What did the Acronis SMART test say? (Reallocated Sectors Count; Spin Retry Count—- click Discs, highlight your drive, hit the SMART parameters tab). (And temperature in the Disk overview tab).
What is the error message when a file copy fails?
Have you had several files fail? Or were you trying the same ones.
You might want to retry the short test, for a slim hope… Edit: after you recover your files.
I’ve had a false total failure from Seagate’s version. Went like this - I started the utility, which it takes a while to find each drive.
Left the room, while it was doing that. Came back and tried the test - total fail.
What happened is that the external drive “went back to sleep” before I came back to start the test.
The testing utility thought it saw too many bad sectors, in a row, so it quit.
when i try to read something from the drive or copy something to my pc, the drive disconnects after about a minute.
I misread that at first. I’d thought you were saying the drive disconnected, either direction.
I can still write data on it, but when i try to access data on it or copy files back to my pc it disconnects after a while and then reconnects, interupting the transfer.
since i can still write data without interuptions.
Yeah, that suggests a bad-sector problem.
When it’s writing, and finds a bad sector, Windows is probably marking the sector bad, then moving on.
But when it’s reading and hits a bad sector, it tries again several times, then quits the copy.
What’s the best way to get the data off it? Is there a program that transfers file by file, so when it fails i don’t have to start from the beginning again? Or a program that ignores these errors and keeps running?
And maybe tells me what files are broken?
It’s been too long since I read about that stuff. Kendall Sears says rsync, and it looks good.
If you can get rsync to simply skip to the next file, after each read failure, then that’s ideal (I think it can, but there’s a lot to read there).
You’d run rsync again, then, and it can try to copy out the files which didn’t work the first time. (But this might take forever, if there’s a ton of failures).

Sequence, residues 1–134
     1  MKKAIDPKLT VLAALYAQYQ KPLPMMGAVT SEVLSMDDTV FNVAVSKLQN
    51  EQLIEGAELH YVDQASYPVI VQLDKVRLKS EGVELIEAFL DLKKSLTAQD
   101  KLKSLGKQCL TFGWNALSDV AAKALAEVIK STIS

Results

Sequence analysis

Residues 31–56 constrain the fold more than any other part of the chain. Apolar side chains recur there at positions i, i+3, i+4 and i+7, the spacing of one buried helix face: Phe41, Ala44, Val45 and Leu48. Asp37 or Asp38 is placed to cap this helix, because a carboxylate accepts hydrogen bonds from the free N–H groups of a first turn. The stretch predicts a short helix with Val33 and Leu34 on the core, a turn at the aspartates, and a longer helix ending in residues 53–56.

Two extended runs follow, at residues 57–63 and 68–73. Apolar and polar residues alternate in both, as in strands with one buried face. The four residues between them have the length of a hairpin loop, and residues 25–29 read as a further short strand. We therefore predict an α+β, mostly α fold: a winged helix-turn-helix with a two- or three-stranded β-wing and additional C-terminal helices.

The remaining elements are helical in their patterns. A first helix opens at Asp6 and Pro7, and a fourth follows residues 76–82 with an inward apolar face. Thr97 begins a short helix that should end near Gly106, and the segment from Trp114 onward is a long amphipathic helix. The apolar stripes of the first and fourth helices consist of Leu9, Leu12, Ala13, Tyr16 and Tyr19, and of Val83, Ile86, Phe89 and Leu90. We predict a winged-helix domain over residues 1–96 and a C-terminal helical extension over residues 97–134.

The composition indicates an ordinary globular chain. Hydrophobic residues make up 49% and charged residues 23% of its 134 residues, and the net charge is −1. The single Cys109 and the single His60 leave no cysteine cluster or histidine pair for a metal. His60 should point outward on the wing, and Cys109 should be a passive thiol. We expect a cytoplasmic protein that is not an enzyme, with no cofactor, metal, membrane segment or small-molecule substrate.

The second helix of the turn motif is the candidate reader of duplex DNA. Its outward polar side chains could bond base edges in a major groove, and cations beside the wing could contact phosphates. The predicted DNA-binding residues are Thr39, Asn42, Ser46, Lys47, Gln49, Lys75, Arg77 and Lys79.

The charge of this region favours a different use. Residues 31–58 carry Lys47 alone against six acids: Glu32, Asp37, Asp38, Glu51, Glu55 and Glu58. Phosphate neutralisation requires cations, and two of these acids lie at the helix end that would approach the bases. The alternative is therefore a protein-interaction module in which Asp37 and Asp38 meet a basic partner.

(I’ve done that process by hand, a couple of times).
It wouldn’t hurt to put a cooling fan on the drive, while your doing that.
If there’s tons of errors, you could skip any files you can replace.
In fact, just in case there was a head crash, you want to copy the most important files first.
A crash kicks up grit, which will be sandpapering the surface, wherever the head reads. And that makes more grit.
Also, in the worst case, the crashed head could be damaged, and could fall apart while you’re working (or testing).
“You should have a test which will try to fix errors, but it might bomb out. You might be able to copy more data after that, though.”
How can i do this? Is there a program for that?
You’d set the WD tool to do an extended test, with a surface scan, and the repair option.
It works like chkdsk - finds and replaces bad sectors.
(But it’s better than chkdsk, because it’ll also replace weak sectors).
It’s a great test to run, when you first get a drive, and every-so-often afterwards.
(So these things don’t sneak up on you, and leave you with a bunch of corrupted files, and a long recovery process).
But there’s 4 problems, if your drive is suffering from massive numbers of bad sectors.
1) If you had a head crash, then the test could do lots more damage.
2) If the drive has run out of spare sectors, then it can’t replace bad ones, and the test will fail.
3) You’ll be wasting spare sectors on weak sectors - which you won’t need done, if you’re returning the drive.
4) When a sector is replaced, then that part of the file could be corrupt (but you won’t know which files).
On the other hand, if there’s a ton of bad sectors, you could do chkdsk with repair, and if it doesn’t run out of spares, then you can copy everything out in one go.
So you could run rsync to catch the files which copy easily, then catalog the “might-be-good”***, do the repair, and copy the rest out with rsync.
*** I say “might be good” because if they threw a read-error in the past, then on the next reboot, the drive would automatically replace the bad sector - and voila - maybe-corrupted file.
You can catalog it the old-fashioned Dos-Window way:
Do your copy to an easy-to-type temporary folder. Say “c:\t”.
Open a Dos prompt. Start->Run, type “Command”, and hit the OK button.
In the window, type “CD\” and hit enter, to go to c:\
Type “cd t” and hit enter..
Type “dir/s>NoErrors.txt” and hit enter.
And there you go. A text file with each file and folder listed out.
Type “exit” and hit enter.
I submitted a support ticket on the wd site a couple of days ago, but haven’t heard a peep.
I also submitted the serial number there, that’s how i know it is still under warranty.
Is there a number you can call?